HONG KONG (CNN) - The man who acknowledged leaking details of classified U.S. surveillance programs seemed to melt into the streets of Hong Kong as FBI investigators worked Tuesday to build a case against him and criticism of the programs continued to mount.
Edward Snowden, 29, apparently checked out of his Hong Kong hotel room Monday and has not been seen since. A reporter who helped develop stories from the information Snowden leaked said he believes the former contractor for the National Security Agency remains in Hong Kong.
U.S. authorities are preparing charges against Snowden, a law enforcement source told CNN on Tuesday. But they are not imminent, the source said.
Snowden is a former computer security contractor who acknowledged in a Guardian newspaper interview published Sunday that he gave classified documents about U.S. surveillance of telephone and Internet traffic.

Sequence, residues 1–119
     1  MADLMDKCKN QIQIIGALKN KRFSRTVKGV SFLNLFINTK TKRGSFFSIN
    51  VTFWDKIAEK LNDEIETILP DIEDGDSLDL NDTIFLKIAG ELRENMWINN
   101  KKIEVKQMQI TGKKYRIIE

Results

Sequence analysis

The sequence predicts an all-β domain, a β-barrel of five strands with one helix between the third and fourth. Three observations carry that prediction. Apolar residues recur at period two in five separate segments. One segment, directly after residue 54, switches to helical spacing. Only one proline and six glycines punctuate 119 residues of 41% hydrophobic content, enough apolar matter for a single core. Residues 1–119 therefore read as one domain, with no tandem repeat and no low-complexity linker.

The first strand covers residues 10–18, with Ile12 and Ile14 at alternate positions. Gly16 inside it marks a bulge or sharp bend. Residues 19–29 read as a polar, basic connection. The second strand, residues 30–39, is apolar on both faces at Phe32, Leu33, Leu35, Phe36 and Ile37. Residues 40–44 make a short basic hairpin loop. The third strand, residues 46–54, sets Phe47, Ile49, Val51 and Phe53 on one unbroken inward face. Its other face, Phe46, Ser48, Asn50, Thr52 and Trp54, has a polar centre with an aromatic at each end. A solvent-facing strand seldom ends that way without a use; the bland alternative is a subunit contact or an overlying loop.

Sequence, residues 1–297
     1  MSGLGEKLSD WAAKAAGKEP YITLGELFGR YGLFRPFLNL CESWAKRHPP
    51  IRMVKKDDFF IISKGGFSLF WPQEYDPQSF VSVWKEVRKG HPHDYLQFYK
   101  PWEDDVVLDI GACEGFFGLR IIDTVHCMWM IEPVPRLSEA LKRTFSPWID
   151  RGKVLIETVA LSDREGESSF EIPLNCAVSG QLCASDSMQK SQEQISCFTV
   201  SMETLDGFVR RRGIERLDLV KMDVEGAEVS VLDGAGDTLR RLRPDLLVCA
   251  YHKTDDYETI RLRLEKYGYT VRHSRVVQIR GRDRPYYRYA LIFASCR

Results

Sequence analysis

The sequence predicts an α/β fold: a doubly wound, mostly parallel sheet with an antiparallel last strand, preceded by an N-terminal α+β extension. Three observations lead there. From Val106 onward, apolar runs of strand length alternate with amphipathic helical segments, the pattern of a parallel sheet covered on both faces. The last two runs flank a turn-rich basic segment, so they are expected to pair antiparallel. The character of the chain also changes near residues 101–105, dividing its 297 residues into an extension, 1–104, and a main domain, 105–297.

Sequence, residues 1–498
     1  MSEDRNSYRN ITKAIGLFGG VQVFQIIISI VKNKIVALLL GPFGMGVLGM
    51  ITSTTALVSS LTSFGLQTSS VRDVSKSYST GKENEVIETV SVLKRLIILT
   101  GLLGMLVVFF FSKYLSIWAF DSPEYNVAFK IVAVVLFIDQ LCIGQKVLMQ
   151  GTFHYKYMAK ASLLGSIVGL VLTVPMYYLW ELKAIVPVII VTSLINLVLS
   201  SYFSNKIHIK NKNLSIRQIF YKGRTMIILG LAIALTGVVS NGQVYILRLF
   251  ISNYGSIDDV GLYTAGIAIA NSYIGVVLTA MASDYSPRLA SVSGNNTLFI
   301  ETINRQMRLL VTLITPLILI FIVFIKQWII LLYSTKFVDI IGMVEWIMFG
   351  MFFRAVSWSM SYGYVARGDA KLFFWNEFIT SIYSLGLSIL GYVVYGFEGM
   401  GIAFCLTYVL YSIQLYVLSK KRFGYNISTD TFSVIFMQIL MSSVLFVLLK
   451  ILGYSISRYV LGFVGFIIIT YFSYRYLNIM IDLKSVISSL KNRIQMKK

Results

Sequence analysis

The FBI has been investigating the leaks, but it was unclear Tuesday how far along the agency was.
A federal law enforcement source told CNN on Monday that the investigation will include searches of Snowden's home and efforts to interview his girlfriend, relatives, co-workers and friends.
The official did not know if the FBI would attempt to contact Snowden overseas and ask if he would agree to a voluntary interview, or if the agency would wait until other evidence had been gathered.
Snowden himself told the Guardian that he expects to be charged under the Espionage Act and said he traveled to Hong Kong in hopes that state's commitment to free speech would prevent his extradition to the United States.